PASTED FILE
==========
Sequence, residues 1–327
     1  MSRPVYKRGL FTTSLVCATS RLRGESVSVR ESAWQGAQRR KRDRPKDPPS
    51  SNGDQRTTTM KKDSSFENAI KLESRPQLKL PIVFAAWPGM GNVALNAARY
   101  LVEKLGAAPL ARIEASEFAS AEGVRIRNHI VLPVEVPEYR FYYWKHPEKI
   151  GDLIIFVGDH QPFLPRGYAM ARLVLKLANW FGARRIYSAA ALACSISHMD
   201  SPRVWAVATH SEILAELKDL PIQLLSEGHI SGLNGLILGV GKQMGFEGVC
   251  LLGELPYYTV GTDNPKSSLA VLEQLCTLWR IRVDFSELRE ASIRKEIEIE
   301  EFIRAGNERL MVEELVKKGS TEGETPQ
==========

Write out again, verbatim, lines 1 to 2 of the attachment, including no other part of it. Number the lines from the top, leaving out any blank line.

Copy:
Sequence, residues 1–327
     1  MSRPVYKRGL FTTSLVCATS RLRGESVSVR ESAWQGAQRR KRDRPKDPPS